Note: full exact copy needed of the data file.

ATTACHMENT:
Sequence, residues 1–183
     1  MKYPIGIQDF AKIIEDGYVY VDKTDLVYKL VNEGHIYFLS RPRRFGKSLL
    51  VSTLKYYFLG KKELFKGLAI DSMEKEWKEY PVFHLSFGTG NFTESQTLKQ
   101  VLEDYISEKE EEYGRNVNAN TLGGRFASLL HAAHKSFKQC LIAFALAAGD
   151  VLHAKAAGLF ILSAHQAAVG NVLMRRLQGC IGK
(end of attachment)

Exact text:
Sequence, residues 1–183
     1  MKYPIGIQDF AKIIEDGYVY VDKTDLVYKL VNEGHIYFLS RPRRFGKSLL
    51  VSTLKYYFLG KKELFKGLAI DSMEKEWKEY PVFHLSFGTG NFTESQTLKQ
   101  VLEDYISEKE EEYGRNVNAN TLGGRFASLL HAAHKSFKQC LIAFALAAGD
   151  VLHAKAAGLF ILSAHQAAVG NVLMRRLQGC IGK